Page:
Is Learning Mandarin Faster Better?
If you do an online search for the fastest way to learn Mandarin or how to get fluent in Mandarin fast, chances are you’ll come across a few methods that promise to get you to fluency in record time.
But what if I told you that learning Mandarin the slow and steady way is actually the best way to learn Mandarin in the long run.
Okay, so you’d probably ask me Wait, why should I spend more time learning something than I have to? or Isn’t faster always better? or I need to learn Mandarin like, yesterday!
To which I would say quit your arguing and just read the article. Just kidding! (But not kidding.)
In this article, we’ll go over some of the key things you could miss out on with any learning method that promises to speed your way to Mandarin fluency. On your marks, get set, go.
Preface: Oldies but goodies
But first, we couldn’t possibly write an article about learning the slow and steady way without acknowledging the long-standing appreciation of the old master archetype, in both Chinese culture and pop culture. In fact, teacher in Mandarin is lǎo shī (Simple: 老师 , Traditional: 老師) which literally translates as old master.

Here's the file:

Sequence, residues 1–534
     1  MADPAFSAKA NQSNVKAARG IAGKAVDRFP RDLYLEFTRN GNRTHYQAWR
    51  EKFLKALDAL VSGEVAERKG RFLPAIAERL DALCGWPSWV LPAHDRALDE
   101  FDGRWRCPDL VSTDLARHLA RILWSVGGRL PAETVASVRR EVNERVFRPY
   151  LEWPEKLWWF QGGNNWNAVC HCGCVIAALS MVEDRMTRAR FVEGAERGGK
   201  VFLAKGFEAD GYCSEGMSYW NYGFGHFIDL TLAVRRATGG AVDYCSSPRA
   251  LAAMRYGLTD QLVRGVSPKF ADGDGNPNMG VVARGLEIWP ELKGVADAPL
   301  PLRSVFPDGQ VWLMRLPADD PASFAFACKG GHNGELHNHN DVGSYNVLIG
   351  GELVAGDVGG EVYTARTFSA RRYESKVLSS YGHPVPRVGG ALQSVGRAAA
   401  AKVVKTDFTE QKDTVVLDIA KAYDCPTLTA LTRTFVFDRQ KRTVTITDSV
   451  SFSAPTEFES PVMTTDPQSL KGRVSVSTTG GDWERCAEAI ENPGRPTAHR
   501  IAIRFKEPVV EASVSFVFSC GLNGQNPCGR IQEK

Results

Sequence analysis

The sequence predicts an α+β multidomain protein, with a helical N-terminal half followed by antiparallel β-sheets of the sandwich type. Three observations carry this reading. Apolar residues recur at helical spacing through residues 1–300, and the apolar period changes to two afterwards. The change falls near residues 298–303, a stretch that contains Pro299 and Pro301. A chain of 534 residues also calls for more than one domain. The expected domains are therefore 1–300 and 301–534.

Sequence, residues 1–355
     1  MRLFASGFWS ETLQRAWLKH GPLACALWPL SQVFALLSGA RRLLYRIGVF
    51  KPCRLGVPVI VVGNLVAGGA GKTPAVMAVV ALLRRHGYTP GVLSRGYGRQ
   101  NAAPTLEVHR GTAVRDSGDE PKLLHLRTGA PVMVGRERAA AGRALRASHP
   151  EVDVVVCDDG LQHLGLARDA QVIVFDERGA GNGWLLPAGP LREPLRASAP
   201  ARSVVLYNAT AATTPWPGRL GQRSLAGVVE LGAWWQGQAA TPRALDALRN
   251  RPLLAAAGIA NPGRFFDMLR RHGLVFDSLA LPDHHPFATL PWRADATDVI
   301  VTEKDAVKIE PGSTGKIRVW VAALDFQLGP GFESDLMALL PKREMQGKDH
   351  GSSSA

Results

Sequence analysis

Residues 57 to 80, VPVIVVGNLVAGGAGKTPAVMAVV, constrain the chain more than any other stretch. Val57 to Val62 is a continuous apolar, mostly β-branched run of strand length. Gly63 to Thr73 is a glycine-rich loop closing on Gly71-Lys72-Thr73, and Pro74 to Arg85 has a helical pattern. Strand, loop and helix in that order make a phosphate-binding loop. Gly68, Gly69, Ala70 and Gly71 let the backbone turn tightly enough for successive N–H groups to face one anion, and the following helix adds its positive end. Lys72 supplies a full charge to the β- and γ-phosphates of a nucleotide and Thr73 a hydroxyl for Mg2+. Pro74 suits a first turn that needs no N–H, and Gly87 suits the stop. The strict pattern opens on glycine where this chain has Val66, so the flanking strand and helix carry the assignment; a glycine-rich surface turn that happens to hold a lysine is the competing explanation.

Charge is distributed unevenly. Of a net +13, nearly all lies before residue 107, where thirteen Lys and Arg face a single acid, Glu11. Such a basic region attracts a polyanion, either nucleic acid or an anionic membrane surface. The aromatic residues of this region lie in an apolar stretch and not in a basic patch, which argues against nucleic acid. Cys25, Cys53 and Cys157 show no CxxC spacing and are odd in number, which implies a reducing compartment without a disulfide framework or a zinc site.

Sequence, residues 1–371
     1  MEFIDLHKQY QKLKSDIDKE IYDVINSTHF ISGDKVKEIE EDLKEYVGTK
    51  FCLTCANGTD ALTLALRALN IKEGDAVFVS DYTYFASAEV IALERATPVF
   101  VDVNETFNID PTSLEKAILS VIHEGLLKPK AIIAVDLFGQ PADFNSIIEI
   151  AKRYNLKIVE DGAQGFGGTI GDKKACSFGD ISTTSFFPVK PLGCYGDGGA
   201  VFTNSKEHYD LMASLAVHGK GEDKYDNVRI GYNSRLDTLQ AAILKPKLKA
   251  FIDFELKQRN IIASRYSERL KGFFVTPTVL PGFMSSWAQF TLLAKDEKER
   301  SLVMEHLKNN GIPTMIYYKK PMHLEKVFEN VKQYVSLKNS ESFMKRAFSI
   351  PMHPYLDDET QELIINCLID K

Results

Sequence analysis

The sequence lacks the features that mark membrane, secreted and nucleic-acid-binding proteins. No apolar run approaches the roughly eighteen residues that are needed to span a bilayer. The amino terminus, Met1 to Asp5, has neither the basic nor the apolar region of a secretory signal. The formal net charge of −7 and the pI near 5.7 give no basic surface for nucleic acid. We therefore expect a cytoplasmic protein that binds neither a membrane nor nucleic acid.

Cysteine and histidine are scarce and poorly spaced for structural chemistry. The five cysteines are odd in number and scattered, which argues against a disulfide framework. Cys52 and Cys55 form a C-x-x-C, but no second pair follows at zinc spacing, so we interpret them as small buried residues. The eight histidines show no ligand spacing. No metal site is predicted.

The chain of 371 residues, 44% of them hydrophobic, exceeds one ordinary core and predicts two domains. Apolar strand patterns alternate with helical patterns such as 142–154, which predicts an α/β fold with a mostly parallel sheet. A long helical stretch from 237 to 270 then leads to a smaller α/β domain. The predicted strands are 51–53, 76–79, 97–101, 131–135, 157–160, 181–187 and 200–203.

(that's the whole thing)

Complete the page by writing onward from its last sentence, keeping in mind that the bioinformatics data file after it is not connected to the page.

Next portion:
Filial piety aside, what every old master has in common (besides the being old part)—all the way from Mister Miyagi in the The Karate Kid to Pai Mei in Kill Bill, and yes, Oogway in Kung Fu Panda—is that they developed their insane skills, unorthodox wisdom and overall badassery by training for decades (or in the case of Oogway, centuries, since he’s purported to be at least a 1,000 years old).
They didn’t learn what they know by using any fast method. Rather, they took a slow and steady approach to let their superb skills blossom over time.
Okay, so all the masters I mentioned before are from movies, so what do they have to do with the real world?
They represent the belief (whether you agree or not) that it takes time to truly develop any skill at a high level, and that if we choose a quicker approach (80’s martial arts movie montages not withstanding), we’re ultimately shortchanging ourselves to the degree that we can reach a deep level of mastery in any skill.
And with that in mind, let’s see if this belief holds up in the real world by looking at why learning Mandarin faster isn’t always better.
What the fast ways to learn Mandarin don’t account for:
The compounding effect